Research exploring the impact of circumcision on the sexual lives of men has failed to consider men’s attitudes toward their circumcision status, which may, in part, help to explain inconsistent findings in the literature. The current study explored the potential relationship between attitudinal factors toward one’s circumcision status, timing of one’s circumcision, and sexual correlates. A total of 811 men (367 circumcised as neonates, 107 circumcised in childhood, 47 circumcised in adulthood, and 290 intact) aged 19–84 years (M = 33.02, SD = 12.54) completed an online survey. We assessed attitudes toward one’s circumcision status, three domains of body image (Male Genital Image Scale, Body Exposure during Sexual Activities Questionnaire, Body Image Satisfaction Scale), and self-reported sexual functioning (International Index of Erectile Function). Men who were circumcised as adults or intact men reported higher satisfaction with their circumcision status than those who were circumcised neonatally or in childhood. Lower satisfaction with one’s circumcision status—but not men’s actual circumcision status—was associated with worse body image and sexual functioning. These findings identify the need to control for attitudes toward circumcision status in the study of sexual outcomes related to circumcision. Future research is required to estimate the number of men who are dissatisfied with their circumcision status, to explore the antecedents of distress in this subpopulation, and to understand the extent of negative sexual outcomes associated with these attitudes.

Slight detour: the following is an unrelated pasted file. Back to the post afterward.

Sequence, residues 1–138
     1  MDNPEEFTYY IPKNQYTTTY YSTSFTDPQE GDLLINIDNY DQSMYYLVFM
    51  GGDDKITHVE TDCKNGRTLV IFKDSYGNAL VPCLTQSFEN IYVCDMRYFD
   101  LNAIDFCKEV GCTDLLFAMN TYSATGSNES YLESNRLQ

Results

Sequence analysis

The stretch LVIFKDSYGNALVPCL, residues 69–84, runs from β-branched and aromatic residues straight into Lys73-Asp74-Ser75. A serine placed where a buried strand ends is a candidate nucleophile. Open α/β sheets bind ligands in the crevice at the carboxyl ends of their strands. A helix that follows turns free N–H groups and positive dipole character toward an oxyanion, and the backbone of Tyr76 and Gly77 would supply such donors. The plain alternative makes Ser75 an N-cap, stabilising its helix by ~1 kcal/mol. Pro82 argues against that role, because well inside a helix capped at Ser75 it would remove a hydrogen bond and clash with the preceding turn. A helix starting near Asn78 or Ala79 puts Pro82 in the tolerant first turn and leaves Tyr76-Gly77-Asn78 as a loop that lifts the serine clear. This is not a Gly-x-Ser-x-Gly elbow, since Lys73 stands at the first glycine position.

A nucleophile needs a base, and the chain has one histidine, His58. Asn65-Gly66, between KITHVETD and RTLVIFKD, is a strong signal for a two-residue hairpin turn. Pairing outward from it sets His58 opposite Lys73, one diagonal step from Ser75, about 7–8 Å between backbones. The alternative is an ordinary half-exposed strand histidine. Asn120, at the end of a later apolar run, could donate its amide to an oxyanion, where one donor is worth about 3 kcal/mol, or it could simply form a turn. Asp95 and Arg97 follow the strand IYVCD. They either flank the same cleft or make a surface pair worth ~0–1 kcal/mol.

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We would like to extend a warm thank you to the many participants who took part in this research. We would also like give a special thank you to Sean Dougherty for developing the coding software for this data.
This research was funded by Social Sciences and Humanities Research Council (SSHRC), awarded to the first author, and Pfizer-Canadian Male Sexual Health Council (CMSHC), awarded to the second author.
Conflict of interest
The authors declare that they have no conflict of interest.
All procedures performed in studies involving human participants were in accordance with the ethical standards of the institutional and/or national research committee and with the 1964 Helsinki declaration and its later amendments or comparable ethical standards.
Informed consent was obtained from all individual participants included in the study.
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Bossio, J.A., Pukall, C.F. Attitude Toward One’s Circumcision Status Is More Important than Actual Circumcision Status for Men’s Body Image and Sexual Functioning. Arch Sex Behav 47, 771–781 (2018). https://doi.org/10.1007/s10508-017-1064-8